In response to news that the US Federal Trade Commission (FTC) is pressing for IoT device security (link to FTC public notice), including the ability to enforce Internet safety and consumer security standards, and has opened public comments on the proposed mandate, an expert with Corero Network Security commented below.
Andrew Lloyd, President at Corero Network Security:
“The suggestion that the Consumer Product Safety Commission (CPSC) simply requires manufacturers to disclose the cyber-safety of their products and then let the consumer decide is not going to solve the problem.
“There are very few examples where the consumer has opted to pay more for safety or security. When you buy an automobile, the law requires that it comes with belts and air-bags. Almost none of us asks how good they are and we don’t find out until we need them to protect us from harm. The reason for this is that the authorities have devised certificated standards that provide safety assurance. Governments everywhere need to ensure that their citizens are protected by adequate cyber-safety standards. If a product does not meet those reasonable standards then it should not be for sale.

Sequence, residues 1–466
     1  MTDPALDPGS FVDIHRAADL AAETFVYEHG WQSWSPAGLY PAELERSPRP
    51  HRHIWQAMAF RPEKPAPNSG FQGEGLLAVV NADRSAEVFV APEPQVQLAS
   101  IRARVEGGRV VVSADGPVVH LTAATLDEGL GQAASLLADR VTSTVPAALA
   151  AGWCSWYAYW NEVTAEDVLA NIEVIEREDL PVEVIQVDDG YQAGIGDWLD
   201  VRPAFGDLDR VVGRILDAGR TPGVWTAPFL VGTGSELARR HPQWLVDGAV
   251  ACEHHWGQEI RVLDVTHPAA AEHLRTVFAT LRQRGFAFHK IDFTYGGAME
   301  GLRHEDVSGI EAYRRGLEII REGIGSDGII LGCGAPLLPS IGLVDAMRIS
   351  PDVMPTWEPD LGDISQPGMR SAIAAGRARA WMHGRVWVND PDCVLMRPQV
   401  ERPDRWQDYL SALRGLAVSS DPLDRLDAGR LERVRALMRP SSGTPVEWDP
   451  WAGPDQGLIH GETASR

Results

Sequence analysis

“Of course, to an extent the genie is already well out of the bottle with many millions of IoT devices already in the wild with little or inadequate security. That does not mean that we can’t do anything about it. Very clearly, it is time that IoT security flaws are corrected. In time, older devices will fail, be discarded or be upgraded. We can also place defense capabilities within our networks, such as real-time automated DDoS protection, to minimize the impact of compromised IoT devices.
The FTC’s move comes in follow up to a hearing by the US Consumer Product Safety Commission (CPSC) in mid-May on device security, in response to concerns such as hackable IoT devices such as baby monitors.”